The butcher’s bill of rights
March 8, 2017 § 71 Comments
As we’ve discussed many times before, what modern people call “rights” are instances of discriminating authority. A property owner has the authority to eject trespassers without everyone insisting that he has to give good reasons for why he is doing so.
A property owner’s discriminating authority is labeled “property rights” as a way of short circuiting any further thought on the matter. By labeling this a “right” we don’t have to acknowledge that the law discriminates between the property owner and everyone else, empowering the property owner to, himself, discriminate and bind people to do or not do certain actions within the domain of his authority.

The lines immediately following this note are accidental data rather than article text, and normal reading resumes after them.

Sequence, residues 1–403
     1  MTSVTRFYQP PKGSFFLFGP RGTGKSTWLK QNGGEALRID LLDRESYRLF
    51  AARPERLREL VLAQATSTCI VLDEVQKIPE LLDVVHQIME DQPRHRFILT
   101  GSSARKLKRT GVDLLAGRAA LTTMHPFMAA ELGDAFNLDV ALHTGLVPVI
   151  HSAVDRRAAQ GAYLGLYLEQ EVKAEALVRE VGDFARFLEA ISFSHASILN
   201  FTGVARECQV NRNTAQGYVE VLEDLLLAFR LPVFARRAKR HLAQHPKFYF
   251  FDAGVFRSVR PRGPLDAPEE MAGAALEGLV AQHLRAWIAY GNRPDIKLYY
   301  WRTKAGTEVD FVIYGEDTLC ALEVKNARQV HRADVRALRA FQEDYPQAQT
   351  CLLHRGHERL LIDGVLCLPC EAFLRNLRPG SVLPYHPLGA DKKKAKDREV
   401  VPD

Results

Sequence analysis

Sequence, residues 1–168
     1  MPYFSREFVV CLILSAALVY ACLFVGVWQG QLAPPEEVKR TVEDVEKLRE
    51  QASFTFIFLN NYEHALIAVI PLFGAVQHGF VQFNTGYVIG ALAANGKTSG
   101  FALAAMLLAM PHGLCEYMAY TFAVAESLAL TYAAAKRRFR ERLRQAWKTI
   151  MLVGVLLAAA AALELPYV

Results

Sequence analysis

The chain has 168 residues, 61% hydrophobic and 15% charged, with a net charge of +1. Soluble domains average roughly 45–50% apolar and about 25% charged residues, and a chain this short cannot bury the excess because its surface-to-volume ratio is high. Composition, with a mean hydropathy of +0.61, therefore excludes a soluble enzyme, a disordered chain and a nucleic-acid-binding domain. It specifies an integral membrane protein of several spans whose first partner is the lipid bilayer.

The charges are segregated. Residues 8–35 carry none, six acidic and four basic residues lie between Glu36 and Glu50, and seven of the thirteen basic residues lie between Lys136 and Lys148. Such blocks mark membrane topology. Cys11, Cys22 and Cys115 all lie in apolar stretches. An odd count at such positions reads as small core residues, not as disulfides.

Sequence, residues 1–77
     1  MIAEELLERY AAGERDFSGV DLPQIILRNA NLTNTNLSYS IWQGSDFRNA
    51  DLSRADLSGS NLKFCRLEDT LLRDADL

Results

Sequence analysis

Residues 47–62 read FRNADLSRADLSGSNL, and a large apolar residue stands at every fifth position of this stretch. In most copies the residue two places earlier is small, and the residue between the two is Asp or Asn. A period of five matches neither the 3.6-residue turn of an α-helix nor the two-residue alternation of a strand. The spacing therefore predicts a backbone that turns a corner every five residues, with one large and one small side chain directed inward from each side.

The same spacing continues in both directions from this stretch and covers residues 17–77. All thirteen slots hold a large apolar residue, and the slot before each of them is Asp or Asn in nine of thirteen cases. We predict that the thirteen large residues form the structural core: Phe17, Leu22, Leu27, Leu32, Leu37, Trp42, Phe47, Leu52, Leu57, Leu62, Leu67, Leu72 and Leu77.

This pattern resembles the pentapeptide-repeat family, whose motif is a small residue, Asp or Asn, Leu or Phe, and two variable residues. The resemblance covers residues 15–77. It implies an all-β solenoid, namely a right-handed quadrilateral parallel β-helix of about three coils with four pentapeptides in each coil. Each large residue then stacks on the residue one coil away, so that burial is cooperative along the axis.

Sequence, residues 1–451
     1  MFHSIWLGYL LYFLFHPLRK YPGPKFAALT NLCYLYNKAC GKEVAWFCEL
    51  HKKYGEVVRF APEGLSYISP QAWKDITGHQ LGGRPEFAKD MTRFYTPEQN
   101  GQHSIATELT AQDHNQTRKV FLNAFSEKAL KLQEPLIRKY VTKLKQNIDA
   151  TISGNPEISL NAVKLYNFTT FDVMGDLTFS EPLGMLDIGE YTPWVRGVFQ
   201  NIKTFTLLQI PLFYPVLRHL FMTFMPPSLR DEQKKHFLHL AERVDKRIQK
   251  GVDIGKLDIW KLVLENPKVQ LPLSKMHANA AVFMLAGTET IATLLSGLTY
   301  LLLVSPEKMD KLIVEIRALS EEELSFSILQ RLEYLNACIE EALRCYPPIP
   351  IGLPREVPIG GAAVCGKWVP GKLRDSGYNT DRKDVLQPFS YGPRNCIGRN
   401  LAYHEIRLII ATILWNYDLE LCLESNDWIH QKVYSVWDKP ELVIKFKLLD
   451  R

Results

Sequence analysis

The magic word “rights” acts as a kind of wrongthought circuit breaker, allowing us to notice the empowerment involved in “rights” while studiously ignoring the multitude of constraints which are concomitant to every right. “Rights” give us mental cover for thinking of ourselves as empowered while at the same time avoiding the terrible crime of discrimination. Because rights are empowering, more of them means more freedom to our short-circuited modern minds. The more expansive our “rights” are interpreted to be by the ruling class, the more of this “freedom” we have.
At least for certain values of “we”.